Saving Money Through Operating Expenses

Written by Tre Dupuy, Office Specialist
December 5th, 2016

Triple net, net, gross, modified gross, and full service is all terms that can be used to describe a commercial real estate lease. As you enter the marketplace, it is imperative to know what kind of lease you are signing as this will explain to what level you are responsible for the operating expenses of a commercial building.

The bad news is that the definitions of these terms can vary from one landlord to the next.  The good news is that 90% of office space leased in Oklahoma City is under a full-service lease, which has a fairly concrete definition.

A common question I am asked when working with a potential tenant is, “What is a Full-Service Lease and how does it work?” In a full-service lease, a tenant is assigned a “Base Year.” This typically is the year in which the lease is signed. The key thing to understand about a base year is that there is a dollar value that is associated with your base year and that dollar amount is generally equal to that year’s cost in operating expenses. Under these conditions, the Landlord agrees to pay for all the operating expenses (taxes, insurance, utilities, janitorial etc.) for that first year and the tenant is required to pay their proportionate share of the increase in these expenses for subsequent years.  

For an example, your company signs a lease in the year 2016. The operating expenses for that building in 2016 are $6.00/sf. Your company is assigned the base year of 2016 and the landlord agrees to cover $6.00/sf in operating expenses.  In the second year of your lease term, 2017, the operating expenses increase to $6.15/sf.  You are now responsible for your proportionate share of the $0.15 increase in operating expenses. This $0.15 increase for which you are responsible is usually defined as “Additional Rent” in a lease. Now that we know how a full-service lease works, let’s examine a few ways to ensure that you are saving as much in Additional Rent as possible.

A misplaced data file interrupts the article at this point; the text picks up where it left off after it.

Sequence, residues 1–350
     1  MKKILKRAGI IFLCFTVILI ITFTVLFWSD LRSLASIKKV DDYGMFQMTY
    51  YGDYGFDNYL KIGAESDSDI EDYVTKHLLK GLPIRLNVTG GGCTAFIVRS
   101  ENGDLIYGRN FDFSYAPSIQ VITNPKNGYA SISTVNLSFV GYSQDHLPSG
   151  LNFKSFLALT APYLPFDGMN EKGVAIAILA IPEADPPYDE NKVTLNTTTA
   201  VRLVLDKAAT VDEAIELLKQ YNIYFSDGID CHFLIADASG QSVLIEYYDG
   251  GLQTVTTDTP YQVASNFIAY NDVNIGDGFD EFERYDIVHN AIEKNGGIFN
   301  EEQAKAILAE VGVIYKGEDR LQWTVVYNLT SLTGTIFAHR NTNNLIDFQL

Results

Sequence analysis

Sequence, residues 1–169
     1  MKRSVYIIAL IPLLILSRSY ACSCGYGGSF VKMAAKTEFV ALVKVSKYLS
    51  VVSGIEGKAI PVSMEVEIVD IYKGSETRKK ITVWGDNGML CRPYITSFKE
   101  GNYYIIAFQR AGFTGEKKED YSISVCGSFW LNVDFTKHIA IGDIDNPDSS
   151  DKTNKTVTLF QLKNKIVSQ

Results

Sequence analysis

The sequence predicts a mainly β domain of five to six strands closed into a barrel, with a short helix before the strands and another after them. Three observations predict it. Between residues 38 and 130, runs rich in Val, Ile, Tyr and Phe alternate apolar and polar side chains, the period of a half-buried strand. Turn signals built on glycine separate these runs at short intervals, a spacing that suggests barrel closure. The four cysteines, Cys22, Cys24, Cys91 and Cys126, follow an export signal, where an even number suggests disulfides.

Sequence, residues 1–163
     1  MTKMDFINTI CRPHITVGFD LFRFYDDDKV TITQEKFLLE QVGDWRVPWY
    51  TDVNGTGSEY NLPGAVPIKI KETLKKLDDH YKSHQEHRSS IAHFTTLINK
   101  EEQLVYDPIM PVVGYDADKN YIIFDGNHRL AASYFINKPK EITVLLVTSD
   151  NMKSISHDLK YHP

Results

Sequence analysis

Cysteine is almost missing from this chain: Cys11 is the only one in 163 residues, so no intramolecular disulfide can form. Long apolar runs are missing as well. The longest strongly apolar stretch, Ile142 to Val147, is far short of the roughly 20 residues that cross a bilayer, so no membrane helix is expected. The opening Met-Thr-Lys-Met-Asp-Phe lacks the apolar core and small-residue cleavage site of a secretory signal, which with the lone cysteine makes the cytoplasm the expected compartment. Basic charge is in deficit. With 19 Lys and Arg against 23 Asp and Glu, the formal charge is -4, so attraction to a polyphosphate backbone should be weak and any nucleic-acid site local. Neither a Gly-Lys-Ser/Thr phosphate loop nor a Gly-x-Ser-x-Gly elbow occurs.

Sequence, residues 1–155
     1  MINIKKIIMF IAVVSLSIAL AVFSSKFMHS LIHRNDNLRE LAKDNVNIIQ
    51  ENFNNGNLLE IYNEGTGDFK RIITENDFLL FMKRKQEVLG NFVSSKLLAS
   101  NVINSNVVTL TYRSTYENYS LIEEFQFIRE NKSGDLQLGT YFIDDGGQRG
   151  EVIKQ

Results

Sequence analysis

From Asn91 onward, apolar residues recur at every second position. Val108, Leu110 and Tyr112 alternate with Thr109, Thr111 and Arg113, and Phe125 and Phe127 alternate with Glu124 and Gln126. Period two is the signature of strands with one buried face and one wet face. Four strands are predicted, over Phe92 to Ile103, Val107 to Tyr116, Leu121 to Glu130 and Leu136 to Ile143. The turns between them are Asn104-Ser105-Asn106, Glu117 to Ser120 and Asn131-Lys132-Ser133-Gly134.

First is the timing of your lease. If you are going to sign a new lease in the months of October, November, or December, ask that your base year is set to the subsequent year. A landlord will pay for the first year of operating expenses, but this is based on a calendar year, not a twelve month period from when you sign your lease. Generally, operating expenses are budgeted to increase around 3% a year and the goal is to have the highest starting point for your base year amount. 

Second, and probably the area where you can benefit the most, is asking that your base year is reset at the time of your renewal. Many times when a company renews their lease they concentrate on items such as the length of term, rent, and tenant improvement allowance, but operating expenses are rarely addressed. Odds are if it is not discussed, your base year will not change. As mentioned above, operating expenses generally increase over time. Over a five to seven year period operating expenses can increase to well over a $1.00/sf of your base year amount. A 5,000 square foot company could potentially save $5,000.00 per year by just asking that their base year be reset to the current year.